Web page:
Huskies defensively dominating
HOUGHTON – For those statistically inclined, the relentless dominance of Michigan Tech’s defense Saturday against Walsh shines through in a wealth of numbers not quite obvious in the 29-7 final score.
Huskies defensive coordinator Tim Driscoll emphasized the importance of getting off the field on third down against a team employing an up-tempo, Chip Kelly offense en vogue these days – Tech held Walsh to a merciless 1-for-7 mark in the first half and 5-for-16 overall. The Cavaliers’ sprint attack had seen the field for an average of 105 plays per game in the two games prior to their visit to Sherman Field – Walsh managed just 63 plays Saturday despite routinely snapping the ball with 25 seconds remaining on the play clock.
Then there are the yards.
The Huskies methodically smashed their way through the Cavaliers’ defense to the tune of 485 yards with an even balance between air (287) and ground (207). Only some consistent misfiring in the red zone held Tech to 29 points.
Walsh on the other side, managed just 154 yards total, including a paltry 42 in the first half when the game was still in question. Quarterback Paul Kempe couldn’t find a seam to run through and was unable to fit a ball into the small windows Tech left open. When he did find an open receiver, it was seldom downfield and there was always a Husky defender waiting to lay the wood on him.
It was a vindictive performance for a unit that had to work twice as hard in practice this week to prepare for the up-tempo concepts Walsh employs.
“We played very, very well defensively,” Tech head coach Tom Kearly said. “We held them to (42) yards in the first half. Give me that every game and I will be very, very happy.
“We tackled really well today. I can’t remember one time where someone got a couple of yards after a catch.”
For those who like their football to be about attitude and aggression, Tech brought plenty to the table in that sense too.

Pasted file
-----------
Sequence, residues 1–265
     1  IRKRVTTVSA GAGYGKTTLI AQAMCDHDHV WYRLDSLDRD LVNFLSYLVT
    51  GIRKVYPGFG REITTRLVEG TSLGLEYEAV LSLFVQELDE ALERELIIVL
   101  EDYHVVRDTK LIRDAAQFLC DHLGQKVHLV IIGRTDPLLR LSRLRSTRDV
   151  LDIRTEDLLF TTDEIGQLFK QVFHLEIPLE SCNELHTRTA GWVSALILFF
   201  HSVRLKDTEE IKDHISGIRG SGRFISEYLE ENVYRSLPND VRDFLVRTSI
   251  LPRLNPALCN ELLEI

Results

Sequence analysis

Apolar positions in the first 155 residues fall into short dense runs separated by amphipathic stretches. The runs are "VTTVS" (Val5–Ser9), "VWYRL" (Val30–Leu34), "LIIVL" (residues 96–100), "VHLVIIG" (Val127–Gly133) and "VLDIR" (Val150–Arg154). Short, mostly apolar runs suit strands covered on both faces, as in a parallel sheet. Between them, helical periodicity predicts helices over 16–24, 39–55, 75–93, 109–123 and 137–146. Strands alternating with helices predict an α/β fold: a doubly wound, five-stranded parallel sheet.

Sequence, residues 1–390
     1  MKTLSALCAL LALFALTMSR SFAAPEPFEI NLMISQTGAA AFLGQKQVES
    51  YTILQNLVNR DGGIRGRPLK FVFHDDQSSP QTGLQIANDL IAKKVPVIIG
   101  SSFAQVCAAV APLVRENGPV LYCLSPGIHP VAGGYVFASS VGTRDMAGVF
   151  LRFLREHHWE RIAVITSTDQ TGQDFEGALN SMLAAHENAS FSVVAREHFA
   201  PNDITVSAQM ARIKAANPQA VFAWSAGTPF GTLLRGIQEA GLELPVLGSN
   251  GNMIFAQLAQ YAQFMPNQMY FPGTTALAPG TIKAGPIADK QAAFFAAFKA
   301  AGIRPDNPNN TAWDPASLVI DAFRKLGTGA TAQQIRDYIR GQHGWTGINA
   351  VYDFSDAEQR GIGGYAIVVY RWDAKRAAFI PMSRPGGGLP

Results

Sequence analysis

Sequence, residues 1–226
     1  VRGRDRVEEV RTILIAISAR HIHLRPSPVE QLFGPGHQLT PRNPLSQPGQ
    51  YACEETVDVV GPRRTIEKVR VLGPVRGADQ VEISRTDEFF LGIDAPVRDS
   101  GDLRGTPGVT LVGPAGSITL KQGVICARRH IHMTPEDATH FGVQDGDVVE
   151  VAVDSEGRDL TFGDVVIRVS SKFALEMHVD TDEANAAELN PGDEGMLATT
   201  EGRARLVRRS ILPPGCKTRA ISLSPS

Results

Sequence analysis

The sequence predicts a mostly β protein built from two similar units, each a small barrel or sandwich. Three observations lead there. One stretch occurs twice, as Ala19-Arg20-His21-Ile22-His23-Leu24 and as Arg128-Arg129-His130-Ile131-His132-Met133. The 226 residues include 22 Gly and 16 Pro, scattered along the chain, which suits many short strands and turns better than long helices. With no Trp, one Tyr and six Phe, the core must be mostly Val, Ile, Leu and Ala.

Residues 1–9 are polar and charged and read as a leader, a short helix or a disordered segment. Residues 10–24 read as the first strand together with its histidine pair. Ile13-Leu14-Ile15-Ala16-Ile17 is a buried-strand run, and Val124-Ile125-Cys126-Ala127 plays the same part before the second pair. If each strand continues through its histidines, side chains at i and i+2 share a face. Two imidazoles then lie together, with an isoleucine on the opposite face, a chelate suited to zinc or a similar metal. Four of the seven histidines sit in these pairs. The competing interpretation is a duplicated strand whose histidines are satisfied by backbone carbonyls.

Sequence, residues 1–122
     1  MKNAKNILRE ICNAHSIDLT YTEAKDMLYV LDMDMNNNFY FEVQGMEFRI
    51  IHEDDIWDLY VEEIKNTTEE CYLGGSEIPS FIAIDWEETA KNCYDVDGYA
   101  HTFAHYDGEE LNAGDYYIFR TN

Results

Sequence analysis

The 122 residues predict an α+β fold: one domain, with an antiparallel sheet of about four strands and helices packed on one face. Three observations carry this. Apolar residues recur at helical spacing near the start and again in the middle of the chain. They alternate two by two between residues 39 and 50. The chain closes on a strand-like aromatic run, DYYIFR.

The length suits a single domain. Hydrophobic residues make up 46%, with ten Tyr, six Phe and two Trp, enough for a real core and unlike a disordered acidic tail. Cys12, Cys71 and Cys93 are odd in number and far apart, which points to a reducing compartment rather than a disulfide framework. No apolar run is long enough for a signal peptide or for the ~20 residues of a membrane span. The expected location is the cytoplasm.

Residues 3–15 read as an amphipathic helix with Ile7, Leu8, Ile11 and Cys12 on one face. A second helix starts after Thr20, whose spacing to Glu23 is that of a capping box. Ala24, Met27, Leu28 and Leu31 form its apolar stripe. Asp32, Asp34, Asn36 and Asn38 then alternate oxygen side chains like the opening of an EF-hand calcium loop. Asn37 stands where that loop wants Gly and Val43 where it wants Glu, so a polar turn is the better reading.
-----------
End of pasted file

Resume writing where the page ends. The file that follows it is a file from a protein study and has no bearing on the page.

Kearly and Driscoll fired up a variety of pressure packages, sending different rushers from different angles all game.
Although the Huskies finished with just two sacks (Taylor Ziolkowski and Nelson Wienke) the pressure achieved is most evident in Kempe’s completion numbers. The junior finished 20-for-44 (with an interception) and looked hurried and uncomfortable on a plethora of throws off the mark.
“We practiced 10 times faster this week so we were ready to make the checks,” Ziolkowski said. “The defense had a heck of a day. The guys up front got pressure and the quarterback was throwing all over the place. He was seeing the hits we were putting on guys and he was getting frustrated. It throws him off course.”
Only some failure to execute in the red zone for Tech’s offense prevented the game from reaching blowout territory.
In fact, Husky kicker Garrett Mead set a Tech record on the day with five made field goals in one game, two more than a host of previous record holders.
While a nice mark for Mead, that type of record defines faint praise.
“That is five times four, that is 20 points we left out there,” Kearly said. “Our mindset is when we get in that red zone we want seven, not three.”
The struggles in the red zone went across the whole offense, with a dropped pass from Ian Wienke, failure to convert on third-and-one and fourth-and-one and a blown pass protection the most grating of the mistakes.
“It is just execution,” Tech center Aaron Brandt said. “It was little stuff, maybe situations that we have to adjust to better. But it was only the second game, so we have eight more to improve upon.”
“When it is third-and-one and fourth-and-one and we run a belly (fullback run) and quarterback sneak and we don’t get a yard, that is going to tick coaches off, let’s put it that way,” Kearly added.
Stall-outs aside, the Tech offense still gave the occasional firework show for the 3,324 in attendance who braved the sub-50 temperatures.
Junior wide receiver Brandon Cowie put the first TD on the board midway through the first quarter with a textbook 7-yard fade and tap dance routine along the endzone boundary. Cowie, a former quarterback, then drew a round of cheers with a wide-receiver reverse pass play that resulted in a 40-yard Andrew Clark completion.
Finally, senior transfer Jordan McConnell (six receptions, 118 yards) put the game out of reach for good in the fourth quarter with a 50-yard TD?pass from Tyler Scarlett on a double-move the Huskies had been setting up all day.
Faced with single coverage on the boundary, McConnell ran a stop-and-go to spring wide open and allow Scarlett (15-for-25, 238 yards) an easy throw downfield. This play was made possible by Tech hitting on four comeback routes earlier in the game.
“It is good to capitalize on that because those need to be touchdowns,” McConnell said. “We were setting that up from the beginning. You don’t want to waste those with an incompletion.”